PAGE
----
sparta

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Oftentimes when we think of the subject of gender, we think of things happening now; we think of evolving gender roles, non-binary gender recognition and struggles between and within genders. What we do not usually think of, however, is gender in the past because we usually know the answer: Men would be breadwinners, landowners and voters, whereas women would be child-bearers, housekeepers and chefs. Nevertheless, there are a handful of examples throughout history where traditional gender roles had a modern flavor. Today, I will be writing about my favorite of these exceptions, the powerful and historically strange women of Sparta.

Most people know of Sparta as an ultra-militaristic society, whose every move was made with the consideration of war and their military in mind. This conception is very true; they were indeed one of the top militaristic societies in history. What is usually not thought of, though, is how women’s roles in that society changed due to this intense militarization. One major angle to consider is that constant war more or less means a constant stream of death among the male population, and since women were the providers of new babies, their role was determined by this ability to supply the army. To ensure the production of quality soldiers, women were given a large degree of freedom and followed traditions of relative equality that seems rather contemporary.

Firstly, Spartan women were fed similar diets to their male counterparts. This provided them with as close to a proper, balanced meal as was possible at the time and robust nutrition that was seen as necessary to strengthen their women for carrying and raising children. After all, the meals Spartan men ate were meals for soldiers.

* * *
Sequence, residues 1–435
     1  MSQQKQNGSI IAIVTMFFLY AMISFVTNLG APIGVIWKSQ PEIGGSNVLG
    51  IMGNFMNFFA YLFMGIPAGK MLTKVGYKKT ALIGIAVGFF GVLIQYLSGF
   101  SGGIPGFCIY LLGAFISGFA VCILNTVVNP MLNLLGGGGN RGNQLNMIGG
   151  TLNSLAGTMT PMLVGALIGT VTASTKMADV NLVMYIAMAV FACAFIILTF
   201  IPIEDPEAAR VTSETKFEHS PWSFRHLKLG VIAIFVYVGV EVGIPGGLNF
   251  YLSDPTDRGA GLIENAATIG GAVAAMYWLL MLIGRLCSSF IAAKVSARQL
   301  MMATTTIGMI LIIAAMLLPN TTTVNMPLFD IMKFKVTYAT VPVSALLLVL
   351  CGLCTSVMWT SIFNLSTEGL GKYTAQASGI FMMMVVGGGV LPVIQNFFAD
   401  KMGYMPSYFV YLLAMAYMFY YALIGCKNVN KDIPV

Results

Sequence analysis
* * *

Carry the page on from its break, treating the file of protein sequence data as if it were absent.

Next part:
Although nutrition is important, the age of a woman when she gives birth also has significant effects on the viability of children and the safety of the mother. Spartans figured out that delaying when a woman married (and thus had children) to her very late teens and early twenties lended a better chance that the woman and the child would survive the ordeal of childbirth. Compare that to the rest of the world, where mid-teen marriages were much more common.

In fact, childbearing was such a significant aspect of a female’s place in society that men who did not feel they could produce good babies would ask another man to impregnate his wife so that her traits would not go to waste. Farther still, infertility or a general lack of producing strong children were grounds for a divorce.

After birth, both male and female children had similar exercise and educational regimens. Completely contrary to the world outside of Sparta’s borders, women not only exercised but exercised in the nude along with the men. Some of their exercises included, but were probably not limited to, riding horses, running, wrestling, throwing javelins, and maybe even entering in competitions.